About Cecilia Manguerra Brainard

About the author: Cecilia Manguerra Brainard (born November 21, 1947). Filipino-American author and editor born in Cebu. From the time she was a young girl to the present time (2022), she has never stopped writing. From journal writing, she went on to become a writer and editor of over twenty books.

Her three novels: When the Rainbow Goddess Wept, Magdalena, and The Newspaper Widow are set (even partially) in her mythical setting called “Ubec” a place like her hometown of Cebu, Philippines. Her Selected Short Stories by Cecilia Manguerra Brainard includes 39 of her best stories, many of which had been collected in three other books.

She also wrote books on nonfiction and edited books such as Fiction by Filipinos in America and several volumes of Growing Up Filipino: Stories for Young Adults. Cecilia’s work has been translated into Finnish and Turkish.

She attended St. Theresa’s College in Cebu and San Marcelino, Manila, and she obtained her BA from Maryknoll College in Quezon City. She did graduate work at UCLA. She has taught at UCLA, USC, California State Summer School for the Arts (CSSSA), and the Writers’ Program at UCLA Extension.

As a former Executive Board Member of PEN USA West, she represented the writers’ group in international meetings in Barcelona and Santiago de Compostela. She served as an officer of literary arts groups such as Midnight Special Cultural Center, PAAWWW (Pacific Asian American Women Writers West), and the Arts & Letters Cal State University, LA. She co-founded PAWWA (Philippine American Women Writers and Artists).

Her official website is ceciliabrainard.com. She also maintains a blog at cbrainard.blogspot.com. She can be found in social media sites such as Facebook, Twitter, and Instagram.

About the diary: The author decided to keep a diary when she was fourteen years old. She had in fact been writing letters to her father who died when she was nine to “update him” of her life. Originally published in 2003 by Anvil Publishing, Inc. as Cecilia’s Diary 1962-67. The diary is reproduced here with the kind permission of the author, who kindly provided a digital copy to The Philippine Diary Project. All rights for this diary remain the possession of the author. Any requests for reprinting should be directed to the author. No part of this book may be reproduced or distributed in any form or by any means, or stored in a database or retrieval system, without prior written permission.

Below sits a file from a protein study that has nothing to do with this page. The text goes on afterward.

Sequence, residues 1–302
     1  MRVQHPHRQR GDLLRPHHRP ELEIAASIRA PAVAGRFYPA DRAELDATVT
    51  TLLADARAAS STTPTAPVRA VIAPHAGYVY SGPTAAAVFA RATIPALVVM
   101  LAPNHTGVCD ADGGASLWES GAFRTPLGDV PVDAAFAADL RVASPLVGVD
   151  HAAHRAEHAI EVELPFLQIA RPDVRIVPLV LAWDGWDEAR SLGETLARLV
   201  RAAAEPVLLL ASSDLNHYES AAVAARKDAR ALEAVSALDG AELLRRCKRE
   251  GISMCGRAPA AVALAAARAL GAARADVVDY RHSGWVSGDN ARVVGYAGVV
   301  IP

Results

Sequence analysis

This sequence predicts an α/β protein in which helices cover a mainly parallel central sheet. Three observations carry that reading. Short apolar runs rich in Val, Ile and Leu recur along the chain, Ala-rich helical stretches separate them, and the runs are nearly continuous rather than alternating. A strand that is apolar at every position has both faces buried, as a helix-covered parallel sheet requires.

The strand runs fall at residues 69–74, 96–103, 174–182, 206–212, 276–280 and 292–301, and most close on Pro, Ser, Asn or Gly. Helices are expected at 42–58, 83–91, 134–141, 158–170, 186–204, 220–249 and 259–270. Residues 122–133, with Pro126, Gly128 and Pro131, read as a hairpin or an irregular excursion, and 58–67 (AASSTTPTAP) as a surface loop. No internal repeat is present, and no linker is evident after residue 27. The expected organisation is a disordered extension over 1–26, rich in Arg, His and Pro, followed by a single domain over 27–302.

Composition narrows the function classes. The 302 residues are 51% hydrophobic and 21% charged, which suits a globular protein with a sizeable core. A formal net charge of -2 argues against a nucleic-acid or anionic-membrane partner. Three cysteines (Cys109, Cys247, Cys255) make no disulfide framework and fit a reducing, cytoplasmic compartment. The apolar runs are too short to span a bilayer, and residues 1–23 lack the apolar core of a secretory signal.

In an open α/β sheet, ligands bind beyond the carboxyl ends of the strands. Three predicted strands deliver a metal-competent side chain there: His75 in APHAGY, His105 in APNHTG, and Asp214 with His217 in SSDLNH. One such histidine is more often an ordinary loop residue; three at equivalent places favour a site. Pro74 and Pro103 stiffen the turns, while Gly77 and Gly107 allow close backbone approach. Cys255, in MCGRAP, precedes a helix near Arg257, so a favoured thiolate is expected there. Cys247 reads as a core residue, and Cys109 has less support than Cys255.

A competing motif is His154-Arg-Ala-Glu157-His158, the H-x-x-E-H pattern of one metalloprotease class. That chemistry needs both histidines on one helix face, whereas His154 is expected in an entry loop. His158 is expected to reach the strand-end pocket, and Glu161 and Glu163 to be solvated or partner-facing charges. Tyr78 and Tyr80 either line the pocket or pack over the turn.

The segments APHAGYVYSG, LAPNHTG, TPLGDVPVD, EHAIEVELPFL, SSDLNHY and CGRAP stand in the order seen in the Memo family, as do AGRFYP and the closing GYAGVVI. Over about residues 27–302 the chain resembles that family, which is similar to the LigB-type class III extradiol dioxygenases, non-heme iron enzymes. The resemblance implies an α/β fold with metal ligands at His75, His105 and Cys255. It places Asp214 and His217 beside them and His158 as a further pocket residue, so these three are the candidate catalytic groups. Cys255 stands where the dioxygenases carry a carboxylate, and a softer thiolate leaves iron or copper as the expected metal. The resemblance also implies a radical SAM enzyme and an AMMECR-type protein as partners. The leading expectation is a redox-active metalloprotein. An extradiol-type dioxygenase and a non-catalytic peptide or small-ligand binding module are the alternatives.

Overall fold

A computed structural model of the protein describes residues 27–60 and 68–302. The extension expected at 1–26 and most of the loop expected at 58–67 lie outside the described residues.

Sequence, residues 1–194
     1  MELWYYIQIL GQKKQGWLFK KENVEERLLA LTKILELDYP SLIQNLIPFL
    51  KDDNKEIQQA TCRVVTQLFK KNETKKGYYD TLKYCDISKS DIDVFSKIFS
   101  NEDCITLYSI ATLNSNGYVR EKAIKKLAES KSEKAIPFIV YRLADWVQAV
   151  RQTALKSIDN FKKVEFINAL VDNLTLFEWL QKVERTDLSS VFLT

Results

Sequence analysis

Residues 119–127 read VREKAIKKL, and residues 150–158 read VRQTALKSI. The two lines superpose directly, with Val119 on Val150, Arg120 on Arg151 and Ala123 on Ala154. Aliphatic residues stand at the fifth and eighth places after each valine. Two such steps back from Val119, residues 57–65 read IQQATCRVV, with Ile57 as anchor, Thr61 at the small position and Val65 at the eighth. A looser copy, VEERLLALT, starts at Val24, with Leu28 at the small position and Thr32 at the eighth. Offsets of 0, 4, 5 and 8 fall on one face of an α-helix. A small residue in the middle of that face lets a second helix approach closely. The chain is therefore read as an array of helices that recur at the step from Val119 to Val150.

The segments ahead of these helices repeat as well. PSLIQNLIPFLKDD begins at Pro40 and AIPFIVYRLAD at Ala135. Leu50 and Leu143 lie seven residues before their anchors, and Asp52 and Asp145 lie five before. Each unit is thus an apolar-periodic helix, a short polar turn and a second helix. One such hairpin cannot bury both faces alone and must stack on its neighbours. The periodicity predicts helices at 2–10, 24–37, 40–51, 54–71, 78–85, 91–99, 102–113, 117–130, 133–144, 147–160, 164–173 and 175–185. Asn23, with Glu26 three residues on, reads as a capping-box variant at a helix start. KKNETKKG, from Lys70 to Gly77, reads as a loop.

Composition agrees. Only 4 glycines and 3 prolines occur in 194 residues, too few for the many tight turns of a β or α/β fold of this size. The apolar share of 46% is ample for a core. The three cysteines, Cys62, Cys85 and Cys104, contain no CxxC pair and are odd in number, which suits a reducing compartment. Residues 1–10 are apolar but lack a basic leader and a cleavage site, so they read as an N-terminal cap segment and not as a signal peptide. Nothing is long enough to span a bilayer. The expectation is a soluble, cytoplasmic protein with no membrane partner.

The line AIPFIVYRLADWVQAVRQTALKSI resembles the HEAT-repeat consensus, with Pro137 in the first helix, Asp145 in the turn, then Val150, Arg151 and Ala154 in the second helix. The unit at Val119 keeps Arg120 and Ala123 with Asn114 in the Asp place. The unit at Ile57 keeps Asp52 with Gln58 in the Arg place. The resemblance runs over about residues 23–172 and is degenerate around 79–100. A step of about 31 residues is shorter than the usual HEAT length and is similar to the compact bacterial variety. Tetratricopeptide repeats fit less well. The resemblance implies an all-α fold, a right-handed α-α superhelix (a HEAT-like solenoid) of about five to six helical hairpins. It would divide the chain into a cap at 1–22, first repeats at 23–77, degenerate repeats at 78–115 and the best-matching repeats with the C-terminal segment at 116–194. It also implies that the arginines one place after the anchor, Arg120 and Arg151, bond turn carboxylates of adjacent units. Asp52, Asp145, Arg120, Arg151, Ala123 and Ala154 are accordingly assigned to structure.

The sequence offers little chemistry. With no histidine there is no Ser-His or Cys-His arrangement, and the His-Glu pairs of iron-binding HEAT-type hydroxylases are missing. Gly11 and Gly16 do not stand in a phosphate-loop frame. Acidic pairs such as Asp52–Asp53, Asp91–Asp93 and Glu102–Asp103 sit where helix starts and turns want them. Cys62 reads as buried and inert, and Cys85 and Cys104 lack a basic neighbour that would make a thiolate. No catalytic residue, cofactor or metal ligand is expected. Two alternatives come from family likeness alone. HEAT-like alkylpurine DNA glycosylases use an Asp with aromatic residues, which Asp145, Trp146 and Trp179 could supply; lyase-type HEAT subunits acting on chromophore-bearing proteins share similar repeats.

From the author’s own introduction to her published diary:

My diary begins in 1962, three years after my father’s death, three years after paradise ended. In 1962, I was in Manila with my mother and sister Ana or Nene as we called her. My oldest sister (Vicky) was married and living in Washington D.C. My brother (Junior) was doing graduate studies in Georgetown University in Washington D.C. I attended high school at St. Theresa’s College, San Marcelino. School and religion provided stability to my life that was dominated by a high-strung mother…

 Cecilia’s Diary: 1962-1969 is not a work of fiction; it does not have plot or the other fictional elements in story. It reflects, however, a real girl’s life, teeming with conflicts, fears, dreams, hopes. Many of the entries were for self-expression because the fact was that I was most prolific in my diary-writing when I was unhappy. When I was happy, I was too busy doing whatever it was that made me joyful and had little time to write. It was very soothing to write pages and pages when I was hurting. Despite this lopsided view then of the young girl that I was, the concerns I tackled were universal ones — family, friends, school, love issues that teenagers now continue to deal with. I share this time of my life with young people and others to offer them solace that they are not alone in their confusion and suffering. I also suggest keeping a diary as their life’s companion. Through all these years, my diary or journal has been a steadfast non-judgmental friend and companion, a window to as well as mirror of my soul.

In preparing this book I set guidelines as to what to include or leave out. I’ve included the entries that I felt are historically or personally important, that are interesting, and that express my young writing voice. To avoid offending anyone, I’ve changed some names. I have also made minor grammatical corrections, but in general have tried to keep the voice of the entries intact.